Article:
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Author Archives: Nicola Stevens

Why I Write – Thanks to George Orwell

I’m having a bit of sabbatical from writing about Arnold, Joseph and Alexander van Aken (Heacken).  Instead I’m reflecting on some of those niggling questions  – which of the several spellings of the brothers’ name to use, is Arnold truly one of the brothers, where did the three recurring dates of birth come from and … Continue reading »

Categories: Books we've read, How we write, Legacies | Tags: , , , , | 1 Comment

Using Literature as a Historical Resource

Finding myself unexpectedly stranded at Eastbourne Railway Station I was seduced by a WH Smith’s book promotion of ‘buy one get one half price’.   I gathered up ‘The Soldier’s Wife’ by Joanna Trollope, herself a piece of history as a descendent of the famous 19th century writer Anthony Trollope who was quoted as saying: “What … Continue reading »

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Mrs T & Me.

Yesterday felt like the end of a chapter I did not even know needed closing.   Margaret Thatcher’s funeral brought back so many memories.   For one, the fact I refuse to call her anything but ‘Mrs T’ because that was how we knew her in our family.   My mother first got to know when she … Continue reading »

Categories: Legacies, Strong Women | Tags: , , , | 3 Comments

Portraying the Family

I am currently reading Mrs Robinson’s Disgrace – The Private Diary of a Victorian Lady by Kate Summerscale.  It is an investigation into the sad, frustrating and desperate string of events that lead to the very public, and in the 19th century, notorious divorce of Henry and Isabella Robinson. As with Summerscale’s other non-fiction books, … Continue reading »

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Save, Save, Save……

…… No it’s not an end of the financial year piece of advice – it is to remind me to save documents WITH PURPOSE. I was asked by the Eastbourne Towner Gallery yesterday to write a short piece to accompany a painting they own by Joseph van Aken’s called The Music Party; a delightful ‘Conversation piece’ … Continue reading »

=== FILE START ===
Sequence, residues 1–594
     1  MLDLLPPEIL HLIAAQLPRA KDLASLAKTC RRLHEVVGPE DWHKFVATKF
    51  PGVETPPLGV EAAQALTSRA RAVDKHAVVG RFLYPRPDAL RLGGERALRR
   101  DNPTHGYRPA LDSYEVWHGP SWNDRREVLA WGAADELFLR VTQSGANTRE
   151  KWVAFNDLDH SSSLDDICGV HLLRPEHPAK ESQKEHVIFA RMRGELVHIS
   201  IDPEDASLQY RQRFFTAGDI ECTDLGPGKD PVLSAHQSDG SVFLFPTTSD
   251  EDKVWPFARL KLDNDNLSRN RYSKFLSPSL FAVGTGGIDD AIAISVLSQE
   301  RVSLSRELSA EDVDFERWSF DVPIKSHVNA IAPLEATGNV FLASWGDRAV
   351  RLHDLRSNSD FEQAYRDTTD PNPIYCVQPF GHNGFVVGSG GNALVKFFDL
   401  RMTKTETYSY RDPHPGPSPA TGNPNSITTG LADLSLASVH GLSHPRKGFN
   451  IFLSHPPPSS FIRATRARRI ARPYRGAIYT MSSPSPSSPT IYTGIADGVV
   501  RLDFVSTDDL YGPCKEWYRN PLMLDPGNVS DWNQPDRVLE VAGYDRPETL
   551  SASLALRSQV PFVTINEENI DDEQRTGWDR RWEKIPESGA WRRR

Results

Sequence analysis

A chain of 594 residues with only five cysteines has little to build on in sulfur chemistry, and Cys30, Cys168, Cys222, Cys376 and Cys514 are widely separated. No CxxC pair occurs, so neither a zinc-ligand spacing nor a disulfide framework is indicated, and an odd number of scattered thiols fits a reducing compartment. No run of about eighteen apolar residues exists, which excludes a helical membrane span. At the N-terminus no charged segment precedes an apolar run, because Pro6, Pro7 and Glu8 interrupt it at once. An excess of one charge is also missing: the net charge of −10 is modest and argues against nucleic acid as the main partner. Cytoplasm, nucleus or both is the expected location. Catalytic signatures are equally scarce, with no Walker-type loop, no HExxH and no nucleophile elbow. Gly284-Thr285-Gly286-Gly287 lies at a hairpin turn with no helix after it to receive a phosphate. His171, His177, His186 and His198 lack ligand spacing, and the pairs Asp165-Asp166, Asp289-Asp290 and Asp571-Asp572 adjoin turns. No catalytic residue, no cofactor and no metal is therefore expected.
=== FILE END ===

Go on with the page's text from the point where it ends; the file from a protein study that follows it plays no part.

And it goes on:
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Less is more

I have been sidetracked the last week or so by a book called The Kindly Ones by Jonathan Littell.   It is a story of a man who owns a lace factory in post-warFrance, but was a former SS intelligence officer in World War II.  This is his memoir.  It is a fictional tale, but reads like … Continue reading »

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Mothers, Families and Springtime

The theme we have chosen for the blogs this month is Mothers (along with anything else that the theme inspires).  Thanks to the sterling help of Annie in our group I now know that the van Aken brothers, Joseph and Alexander, had both their mother and father, Barbara and Peter van Haecken, living in London … Continue reading »

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18th Century Romance – The Bride in the Kitchen

The month of romance, February, is coming come to an end.   It hosts St Valentine Day[i] and every fourth year has an extra day to create a leap year and the opportunity for women to ask men to marry them.   Hopefully, having following the advice by Dr Trusler and other authors of eighteenth century etiquette[ii], … Continue reading »

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Romance: Instructions Peculiarly adapted to Young Women

It never ceases to amaze me how many books were printed in the eighteenth century on the subject of etiquette; for children, apprentices, young men, but mainly for young women and new wives[i].   These books seem to combine instructions for a bewildering variety of different subjects. Dr John Trusler[ii] who had published a book about … Continue reading »

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18th Century Romance – The way to a Man’s Heart

In the eighteenth century, romance was a story and marriage was comfort and security; a sentiment that Thomas Fuller seemed to promote in his book Gnomologia: Adagies and Proverbs; Wise Sentences and Witty Sayings, published in 1732:  ‘Of soup and love, the first is the best’. My Mum always told me the way to a … Continue reading »

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